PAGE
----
A survey of members of the National Association of Federal Credit Unions finds that while most say credit union lending has improved, new regulations and proposals including the QM rule and the National Credit Union Administration’s risk- based capital proposal threaten to increase costs and stall the lending activity growth.
NAFCU members also said they have seen a return to pre-recession growth rates of total outstanding loans on a year-over-year basis.
“The Dodd-Frank Act requires the CFPB to expand the HMDA reporting requirements to include additional data, including total points and fees, the length of introductory/teaser rates, property value, and applicant credit score,” the NAFCU monthly report states. “When the CFPB implements these Dodd- Frank required changes, it will increase the regulatory burden on credit unions.”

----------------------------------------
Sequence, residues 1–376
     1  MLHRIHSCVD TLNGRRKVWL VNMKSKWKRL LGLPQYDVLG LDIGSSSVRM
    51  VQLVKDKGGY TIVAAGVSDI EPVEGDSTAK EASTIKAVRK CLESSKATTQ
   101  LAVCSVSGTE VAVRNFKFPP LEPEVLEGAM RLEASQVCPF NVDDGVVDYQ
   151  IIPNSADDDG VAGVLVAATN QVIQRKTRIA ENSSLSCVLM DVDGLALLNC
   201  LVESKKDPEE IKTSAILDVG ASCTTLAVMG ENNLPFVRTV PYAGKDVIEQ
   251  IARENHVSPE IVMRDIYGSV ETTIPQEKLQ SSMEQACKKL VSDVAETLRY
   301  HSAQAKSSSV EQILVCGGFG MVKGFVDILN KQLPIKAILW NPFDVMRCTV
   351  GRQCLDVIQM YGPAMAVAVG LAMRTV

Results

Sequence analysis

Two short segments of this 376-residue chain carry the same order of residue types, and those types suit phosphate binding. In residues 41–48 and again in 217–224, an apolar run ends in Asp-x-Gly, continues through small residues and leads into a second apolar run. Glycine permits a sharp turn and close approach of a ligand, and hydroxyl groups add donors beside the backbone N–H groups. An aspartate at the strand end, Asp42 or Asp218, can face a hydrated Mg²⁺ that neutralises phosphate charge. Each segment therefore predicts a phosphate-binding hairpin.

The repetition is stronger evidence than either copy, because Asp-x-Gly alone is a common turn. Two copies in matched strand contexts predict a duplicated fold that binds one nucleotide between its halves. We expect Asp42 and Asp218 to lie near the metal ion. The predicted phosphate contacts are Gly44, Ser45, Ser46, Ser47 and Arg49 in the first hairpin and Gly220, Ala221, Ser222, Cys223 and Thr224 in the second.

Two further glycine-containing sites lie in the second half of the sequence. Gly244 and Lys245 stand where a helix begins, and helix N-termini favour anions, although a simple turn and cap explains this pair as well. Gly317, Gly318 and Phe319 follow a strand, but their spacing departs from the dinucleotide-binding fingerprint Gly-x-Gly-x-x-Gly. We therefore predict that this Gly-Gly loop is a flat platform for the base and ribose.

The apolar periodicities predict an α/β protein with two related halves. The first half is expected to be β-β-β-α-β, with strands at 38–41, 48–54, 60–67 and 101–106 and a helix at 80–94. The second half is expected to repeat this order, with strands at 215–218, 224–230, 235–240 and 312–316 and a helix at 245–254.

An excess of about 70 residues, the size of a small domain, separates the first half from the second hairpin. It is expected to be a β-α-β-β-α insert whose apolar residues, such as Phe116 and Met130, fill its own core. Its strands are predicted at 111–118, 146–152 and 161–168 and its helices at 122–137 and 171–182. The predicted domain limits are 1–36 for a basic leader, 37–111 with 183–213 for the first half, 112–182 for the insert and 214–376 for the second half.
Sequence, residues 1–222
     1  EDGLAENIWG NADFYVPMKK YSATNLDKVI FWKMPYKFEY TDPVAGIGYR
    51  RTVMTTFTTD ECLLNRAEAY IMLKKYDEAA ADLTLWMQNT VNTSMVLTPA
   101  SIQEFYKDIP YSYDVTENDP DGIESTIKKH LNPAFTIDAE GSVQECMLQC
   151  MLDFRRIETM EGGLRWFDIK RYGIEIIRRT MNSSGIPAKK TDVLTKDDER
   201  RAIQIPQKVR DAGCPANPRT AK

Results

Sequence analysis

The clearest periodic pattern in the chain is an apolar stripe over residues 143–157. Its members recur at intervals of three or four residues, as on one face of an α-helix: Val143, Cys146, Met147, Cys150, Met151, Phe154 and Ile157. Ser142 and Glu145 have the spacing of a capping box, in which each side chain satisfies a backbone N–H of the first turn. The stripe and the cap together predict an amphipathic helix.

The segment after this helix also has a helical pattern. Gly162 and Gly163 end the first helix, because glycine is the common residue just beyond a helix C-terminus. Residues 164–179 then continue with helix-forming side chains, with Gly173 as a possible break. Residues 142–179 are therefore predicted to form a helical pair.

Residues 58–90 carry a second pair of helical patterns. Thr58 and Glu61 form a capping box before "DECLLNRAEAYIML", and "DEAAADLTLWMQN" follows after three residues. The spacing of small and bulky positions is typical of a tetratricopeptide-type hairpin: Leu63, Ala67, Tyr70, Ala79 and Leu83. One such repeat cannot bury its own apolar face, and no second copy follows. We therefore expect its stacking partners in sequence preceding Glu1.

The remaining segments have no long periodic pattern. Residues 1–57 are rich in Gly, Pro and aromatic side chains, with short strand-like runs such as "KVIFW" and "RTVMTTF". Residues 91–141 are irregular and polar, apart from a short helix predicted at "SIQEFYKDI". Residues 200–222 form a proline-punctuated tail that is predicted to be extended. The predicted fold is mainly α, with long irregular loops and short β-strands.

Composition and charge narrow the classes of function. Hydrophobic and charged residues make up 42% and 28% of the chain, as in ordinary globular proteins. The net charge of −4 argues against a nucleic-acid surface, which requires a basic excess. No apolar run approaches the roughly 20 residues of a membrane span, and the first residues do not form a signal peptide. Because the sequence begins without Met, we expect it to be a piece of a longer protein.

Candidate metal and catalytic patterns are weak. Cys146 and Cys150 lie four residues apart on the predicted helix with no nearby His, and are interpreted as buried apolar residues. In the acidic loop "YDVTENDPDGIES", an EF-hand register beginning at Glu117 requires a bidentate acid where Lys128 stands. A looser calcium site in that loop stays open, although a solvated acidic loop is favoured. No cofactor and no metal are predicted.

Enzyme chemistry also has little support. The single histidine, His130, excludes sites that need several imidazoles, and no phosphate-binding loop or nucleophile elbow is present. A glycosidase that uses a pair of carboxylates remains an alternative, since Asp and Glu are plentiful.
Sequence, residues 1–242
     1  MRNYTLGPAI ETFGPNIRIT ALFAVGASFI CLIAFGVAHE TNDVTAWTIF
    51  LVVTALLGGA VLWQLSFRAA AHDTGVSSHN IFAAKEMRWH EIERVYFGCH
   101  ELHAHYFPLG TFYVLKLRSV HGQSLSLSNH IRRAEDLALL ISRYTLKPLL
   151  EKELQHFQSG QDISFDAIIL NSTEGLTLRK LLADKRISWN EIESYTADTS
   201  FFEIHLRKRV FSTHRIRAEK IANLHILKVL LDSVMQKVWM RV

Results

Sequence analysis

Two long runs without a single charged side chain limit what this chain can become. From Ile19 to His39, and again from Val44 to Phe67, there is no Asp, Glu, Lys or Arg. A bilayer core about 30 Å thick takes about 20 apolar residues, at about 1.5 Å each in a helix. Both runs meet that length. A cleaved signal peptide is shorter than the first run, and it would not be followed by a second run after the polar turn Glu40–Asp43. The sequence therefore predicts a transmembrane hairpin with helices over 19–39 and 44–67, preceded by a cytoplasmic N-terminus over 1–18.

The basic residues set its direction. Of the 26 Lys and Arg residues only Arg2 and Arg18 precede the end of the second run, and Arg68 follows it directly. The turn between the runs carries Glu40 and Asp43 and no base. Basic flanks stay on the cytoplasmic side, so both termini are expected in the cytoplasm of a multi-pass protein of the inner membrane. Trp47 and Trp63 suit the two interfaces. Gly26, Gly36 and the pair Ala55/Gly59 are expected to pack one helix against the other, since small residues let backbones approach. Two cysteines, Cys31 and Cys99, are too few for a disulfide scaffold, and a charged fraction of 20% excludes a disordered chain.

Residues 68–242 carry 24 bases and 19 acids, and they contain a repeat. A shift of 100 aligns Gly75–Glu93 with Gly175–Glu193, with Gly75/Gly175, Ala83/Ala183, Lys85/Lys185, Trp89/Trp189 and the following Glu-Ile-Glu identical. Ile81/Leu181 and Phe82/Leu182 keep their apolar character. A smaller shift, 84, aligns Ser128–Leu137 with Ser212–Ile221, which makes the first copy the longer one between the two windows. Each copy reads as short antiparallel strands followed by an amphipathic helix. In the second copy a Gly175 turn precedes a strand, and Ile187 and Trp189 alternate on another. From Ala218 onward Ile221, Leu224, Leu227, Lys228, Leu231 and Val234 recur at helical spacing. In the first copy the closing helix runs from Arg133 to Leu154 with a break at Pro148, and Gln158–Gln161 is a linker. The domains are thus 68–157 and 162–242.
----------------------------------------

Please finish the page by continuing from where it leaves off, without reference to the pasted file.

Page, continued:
Respondents in the May Economic & CU Monitor survey said they expect an average initial cost of $9,591 to update systems and an ongoing average annual cost of $3,842.
The report says that the CFPB is also considering additional reporting requirements beyond those mandated by Dodd-Frank, such as mandatory reporting of denial reasons, debt- to-income ratio, QM status, combined loan-to-value ratio, total origination changes, and total discount points.
Survey respondents expect an average initial cost of $13,955 to update systems and an ongoing average annual cost of $4,842 in order to comply with the new requirements.
“Almost one quarter (24%) of respondents anticipate having to increase fees for consumers in order to offset new costs associated with the additional HMDA reporting requirements,” the report says.
Other findings in the report are that survey respondents remained pessimistic about future first mortgage loan growth.
Nearly half (48%) indicated that they would cease to originate non-QM loans, while 38% plan to reduce their non-QM loans and 14% expect to offer about the same amount.
Roughly 13% of those in the survey said their 2013 mortgage originations would not have met the new QM criteria.